Hannah Oakman spoke to The University of Sheffield’s Deputy Vice-Chancellor Professor Paul White to find out how it’s done…
âœ¥ How important have ‘student experience’ and satisfaction tables become to universities today?
Professor Paul White: Recognition of the importance of the wider student experience has clearly grown in recent years. Employers want more than just a student with a particular degree classification – they want more rounded individuals who have developed in ways beyond their discipline through their period at university, for example through volunteering, community work, sport, enterprise activities and so on. And students are looking for more too. There are too many league tables produced for them all to have real relevance. Candidates are bombarded with conflicting data sets: they often fall back on personal recommendations, or on the ‘feel’ of an institution when they visit.
âœ¥ Why do you believe that Sheffield topped the recent Student Experience Survey?
PW:We try to see what we offer students as being a very rounded package. In addition to well-organised degree programmes, we also aim to provide great co-curricular and extra-curricular opportunities and to do so within a very friendly environment.
âœ¥ How do you work in partnership with students and the Student Union to maintain your lead in this area?
PW:Student participation rates in elections are high and this gives student officers a strong mandate to work with the University on shared goals and projects. Officers have direct and personal access to members of the University Executive through a one-on-one buddying scheme. Students sit on almost every significant committee in the university, and are even closely involved in our discussions with our funding body – HEFCE. Engaging students in key decisions is in the DNA of the institution.
âœ¥ How hard is it for universities today to keep up with all aspects of student experience – teaching, social spaces and entertainment, learning spaces, accommodation and new developments?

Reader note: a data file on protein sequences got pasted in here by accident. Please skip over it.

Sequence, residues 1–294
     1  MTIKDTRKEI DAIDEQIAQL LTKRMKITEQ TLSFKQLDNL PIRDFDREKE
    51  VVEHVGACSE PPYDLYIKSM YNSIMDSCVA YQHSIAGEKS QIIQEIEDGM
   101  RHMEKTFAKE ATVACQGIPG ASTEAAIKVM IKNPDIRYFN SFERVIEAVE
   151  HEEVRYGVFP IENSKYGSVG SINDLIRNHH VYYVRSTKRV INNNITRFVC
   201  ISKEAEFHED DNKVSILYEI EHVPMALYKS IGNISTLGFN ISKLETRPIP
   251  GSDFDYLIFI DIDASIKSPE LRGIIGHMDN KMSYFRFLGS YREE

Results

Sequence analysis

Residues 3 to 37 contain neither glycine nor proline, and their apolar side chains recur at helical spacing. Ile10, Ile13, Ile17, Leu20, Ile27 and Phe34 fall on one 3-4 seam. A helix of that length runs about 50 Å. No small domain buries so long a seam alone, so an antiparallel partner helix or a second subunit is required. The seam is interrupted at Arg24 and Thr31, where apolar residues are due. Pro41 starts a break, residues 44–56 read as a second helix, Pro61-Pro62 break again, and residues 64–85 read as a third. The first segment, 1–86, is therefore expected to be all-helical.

PW:It takes considerable resource to do this, and we have to ensure that resources are well used. Student opinion on what is most important is crucial to our decision-making. For example, in 2011–12 we had extensive discussions with students about what extra facilities they wanted to see, and by 2015 we will have delivered almost everything on the ‘shopping list’ that emerged.
âœ¥ Do you think UK universities could learn lessons in student experience from overseas or is the UK leading the way?
PW:I think the UK is still leading the way in this. It is not easy getting the balance right between high-quality disciplinary education and the development of wider skills through further experiences. But UK universities tend still to be among the best at doing so.
âœ¥ What do you believe the students of the future will be looking for from their HE choices, especially if tuition fees continue to rise?
PW:The danger for the future may actually be if tuition fees continue to be pegged below inflation, or if they are reduced after the forthcoming election. Were that to happen, all UK universities would all have to make very difficult decisions about what to retain and what is expendable from the wider student experience.
While Sheffield’s success in the recent survey is clearly gratifying, we are not resting on our laurels. In particular, we are now introducing a series of faculty- and university-wide projects to help to prepare our students even more effectively for the challenges of the world into which they will graduate.